MWatson posted an article in TransportMoving to Victoria and Your Driving Licence - What You Need to Know If you are moving to Victoria and you hold an overseas licence, there are different steps that you will need to take depending on what visa you obtain. Temporary Visa Holders: If you are a temporary visa holder, you are not required to get a Victorian licence or learner permit. Instead, you can drive using your current overseas licence for the length of your stay as long as your driving licence is written in English, or accompanied by an English translation or international driving permit. Permanent Visa Holders: Under the Migration Act 1958, if you hold a permanent visa you are allowed to drive with your overseas driving licence. This is, as long as it is written in English, or it is accompanied by an English translation, or international driving permit. If your permanent visa was issued before you entered Australia, you can drive with this licence for 6 months from the date you first entered Australia. If the permanent visa was issued to you while in Australia, you can drive 6 months from the date your permanent visa was issued to while you’re in Australia. After this time, if you want to continue driving in Victoria you are required to obtain a Victorian driving licence. Even if your overseas driver licence has expired, you can still take a driving test. Once you’ve been issued with your Victorian driving licence or learner permit, you are forbidden to use your overseas or interstate driving licence in Victoria. What Steps To Take: In order to obtain a Victorian driving licence, your current licence needs to be verified. The verification process may involve your driving licence being sent off to be checked. If you are applying for a Victorian driving licence, you need to be at least 18 years of age. If you are under 21 years of age and you have held your overseas licence for less than 12 months from your 18th birthday, then you will be issued with a P1 probationary driving licence. A P2 licence is issued, if you are under 21 years and you have held your overseas licence for more than 12 months, or if you are over the age of 21 and you have obtained your probationary driver licence for less than three years. For a full Victorian driving licence to be issued, you need to be over the age of 21 and have held your overseas probationary driving licence for at least three years, or hold/have held an overseas full driver licence. Once your overseas driver licence has been verified, you then need to check if your overseas licence is recognised in Victoria. If your licence has been issued from one of the following countries or jurisdictions, then you are good to go and you will not need to sit a test. List of countries: - Austria - Belgium - Canada (licences from Ontario, Canada must be surrendered and returned to the licensing authority) - Croatia - Denmark - Finland - France - Germany - Greece - Guernsey - Bosnia and Herzegovina - Ireland - UK - USA - Isle of Man (for licences first issued on or after 1 April 1991) - Italy - Japan - Jersey - Malta (for licences first issued on or after January 2004) - Netherlands - Luxembourg - Norway - Portugal - Singapore - Spain - Sweden - Switzerland There are some other countries from which your driver experience is recognised in Victoria and you will not need to sit a test, once you are over the age of 25. If you are under this age, you will be required to sit a test. These countries are: - Bulgaria - Czech Republic - Republic of Cyprus - Estonia - Hong Kong - Hungary - South Korea - Latvia - Lithuania - Poland - Romania - Slovenia - South Africa - Taiwan There are still varying restrictions with regards to some of these countries, so you are best to check this out before applying for your Victoria driving licence. The Final Steps: You’ve checked everything else off the list, now it is time to book your appointment! You can do so online or you can call 13 11 71. Once you have made your booking, you will then be required to get some paperwork ready. Documents which you will need to take with you to your appointment include; evidence of identity documents, your current overseas licence, a completed application form, and, the adequate fee.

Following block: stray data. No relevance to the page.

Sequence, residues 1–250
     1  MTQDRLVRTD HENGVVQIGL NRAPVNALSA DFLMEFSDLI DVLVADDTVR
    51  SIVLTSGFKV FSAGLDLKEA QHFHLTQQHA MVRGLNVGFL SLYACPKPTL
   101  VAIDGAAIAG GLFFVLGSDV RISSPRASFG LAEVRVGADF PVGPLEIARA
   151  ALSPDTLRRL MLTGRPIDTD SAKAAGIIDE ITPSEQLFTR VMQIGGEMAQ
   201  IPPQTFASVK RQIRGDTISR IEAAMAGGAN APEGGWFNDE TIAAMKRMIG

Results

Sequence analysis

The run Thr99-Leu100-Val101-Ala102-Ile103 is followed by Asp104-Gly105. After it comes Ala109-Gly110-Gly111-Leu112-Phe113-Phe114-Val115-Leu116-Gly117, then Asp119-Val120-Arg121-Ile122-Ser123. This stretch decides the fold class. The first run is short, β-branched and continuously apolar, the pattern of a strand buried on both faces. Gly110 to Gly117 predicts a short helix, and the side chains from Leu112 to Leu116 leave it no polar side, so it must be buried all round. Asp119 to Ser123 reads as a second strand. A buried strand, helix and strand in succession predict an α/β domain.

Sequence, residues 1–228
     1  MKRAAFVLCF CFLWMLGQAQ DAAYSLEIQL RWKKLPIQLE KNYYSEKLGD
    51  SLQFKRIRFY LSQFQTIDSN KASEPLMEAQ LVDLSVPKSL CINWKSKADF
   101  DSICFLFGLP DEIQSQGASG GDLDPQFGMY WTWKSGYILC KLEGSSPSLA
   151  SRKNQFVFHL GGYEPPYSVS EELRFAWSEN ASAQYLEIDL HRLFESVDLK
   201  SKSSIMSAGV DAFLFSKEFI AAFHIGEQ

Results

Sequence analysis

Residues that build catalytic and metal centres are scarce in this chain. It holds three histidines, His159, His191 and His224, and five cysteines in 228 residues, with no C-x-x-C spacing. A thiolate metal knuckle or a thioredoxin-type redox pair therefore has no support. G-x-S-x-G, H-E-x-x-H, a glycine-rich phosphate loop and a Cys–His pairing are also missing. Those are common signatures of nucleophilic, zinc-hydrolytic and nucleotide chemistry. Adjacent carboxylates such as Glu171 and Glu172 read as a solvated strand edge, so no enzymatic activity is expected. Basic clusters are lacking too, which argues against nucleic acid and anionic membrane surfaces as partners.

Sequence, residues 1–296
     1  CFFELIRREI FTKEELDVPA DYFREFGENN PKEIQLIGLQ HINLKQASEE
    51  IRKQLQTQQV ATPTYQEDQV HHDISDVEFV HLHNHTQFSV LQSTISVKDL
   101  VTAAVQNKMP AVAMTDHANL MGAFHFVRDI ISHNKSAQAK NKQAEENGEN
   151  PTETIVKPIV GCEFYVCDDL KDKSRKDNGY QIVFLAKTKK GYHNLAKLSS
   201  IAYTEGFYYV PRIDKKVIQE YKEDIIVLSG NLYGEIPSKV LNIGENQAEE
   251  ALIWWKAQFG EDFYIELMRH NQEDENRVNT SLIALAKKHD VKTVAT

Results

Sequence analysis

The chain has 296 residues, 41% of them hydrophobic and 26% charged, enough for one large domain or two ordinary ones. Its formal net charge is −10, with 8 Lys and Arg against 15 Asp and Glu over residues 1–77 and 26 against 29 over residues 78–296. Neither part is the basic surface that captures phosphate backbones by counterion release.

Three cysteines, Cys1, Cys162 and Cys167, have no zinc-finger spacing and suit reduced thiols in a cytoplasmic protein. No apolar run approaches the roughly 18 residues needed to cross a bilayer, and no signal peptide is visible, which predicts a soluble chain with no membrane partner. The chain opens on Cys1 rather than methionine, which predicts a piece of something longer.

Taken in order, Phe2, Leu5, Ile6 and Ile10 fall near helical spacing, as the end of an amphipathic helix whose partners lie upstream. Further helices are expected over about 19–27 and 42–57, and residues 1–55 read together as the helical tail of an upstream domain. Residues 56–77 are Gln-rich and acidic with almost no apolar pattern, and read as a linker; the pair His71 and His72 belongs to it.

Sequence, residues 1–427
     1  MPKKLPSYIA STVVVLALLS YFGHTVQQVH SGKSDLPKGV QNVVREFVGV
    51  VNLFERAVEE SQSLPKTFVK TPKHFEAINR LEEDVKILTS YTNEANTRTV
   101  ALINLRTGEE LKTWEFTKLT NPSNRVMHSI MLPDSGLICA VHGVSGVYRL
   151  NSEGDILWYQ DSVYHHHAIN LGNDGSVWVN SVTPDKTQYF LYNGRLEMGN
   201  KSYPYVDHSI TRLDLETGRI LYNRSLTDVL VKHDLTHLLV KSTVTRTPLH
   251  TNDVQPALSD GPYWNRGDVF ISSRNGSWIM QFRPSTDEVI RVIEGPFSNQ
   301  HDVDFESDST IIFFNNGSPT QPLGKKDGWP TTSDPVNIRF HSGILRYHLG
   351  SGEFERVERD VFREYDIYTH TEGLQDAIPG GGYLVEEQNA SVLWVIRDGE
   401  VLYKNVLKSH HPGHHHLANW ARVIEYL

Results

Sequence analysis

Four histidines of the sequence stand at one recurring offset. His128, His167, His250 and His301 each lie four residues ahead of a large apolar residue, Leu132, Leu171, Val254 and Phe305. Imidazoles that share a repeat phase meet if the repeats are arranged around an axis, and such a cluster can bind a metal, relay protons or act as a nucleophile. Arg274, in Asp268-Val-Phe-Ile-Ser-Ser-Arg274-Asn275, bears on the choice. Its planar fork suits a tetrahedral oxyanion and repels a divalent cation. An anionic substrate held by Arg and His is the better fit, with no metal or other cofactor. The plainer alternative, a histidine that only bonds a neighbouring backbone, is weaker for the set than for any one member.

Transferring to a South Australia Licence: What You Need to Know